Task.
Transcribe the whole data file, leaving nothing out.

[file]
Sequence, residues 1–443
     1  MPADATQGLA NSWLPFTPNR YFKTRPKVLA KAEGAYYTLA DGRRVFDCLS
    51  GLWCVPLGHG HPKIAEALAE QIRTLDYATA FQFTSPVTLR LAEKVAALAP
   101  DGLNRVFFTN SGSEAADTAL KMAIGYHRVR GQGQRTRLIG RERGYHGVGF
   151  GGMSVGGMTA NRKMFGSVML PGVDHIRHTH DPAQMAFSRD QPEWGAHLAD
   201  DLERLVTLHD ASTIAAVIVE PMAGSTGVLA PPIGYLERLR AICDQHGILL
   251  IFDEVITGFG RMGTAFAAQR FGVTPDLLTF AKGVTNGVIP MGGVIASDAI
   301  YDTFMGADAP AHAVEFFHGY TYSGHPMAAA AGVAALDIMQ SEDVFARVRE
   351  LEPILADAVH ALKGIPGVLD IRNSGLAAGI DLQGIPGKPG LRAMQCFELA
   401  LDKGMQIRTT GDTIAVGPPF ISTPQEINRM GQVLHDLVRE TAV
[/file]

Sequence, residues 1–443
     1  MPADATQGLA NSWLPFTPNR YFKTRPKVLA KAEGAYYTLA DGRRVFDCLS
    51  GLWCVPLGHG HPKIAEALAE QIRTLDYATA FQFTSPVTLR LAEKVAALAP
   101  DGLNRVFFTN SGSEAADTAL KMAIGYHRVR GQGQRTRLIG RERGYHGVGF
   151  GGMSVGGMTA NRKMFGSVML PGVDHIRHTH DPAQMAFSRD QPEWGAHLAD
   201  DLERLVTLHD ASTIAAVIVE PMAGSTGVLA PPIGYLERLR AICDQHGILL
   251  IFDEVITGFG RMGTAFAAQR FGVTPDLLTF AKGVTNGVIP MGGVIASDAI
   301  YDTFMGADAP AHAVEFFHGY TYSGHPMAAA AGVAALDIMQ SEDVFARVRE
   351  LEPILADAVH ALKGIPGVLD IRNSGLAAGI DLQGIPGKPG LRAMQCFELA
   401  LDKGMQIRTT GDTIAVGPPF ISTPQEINRM GQVLHDLVRE TAV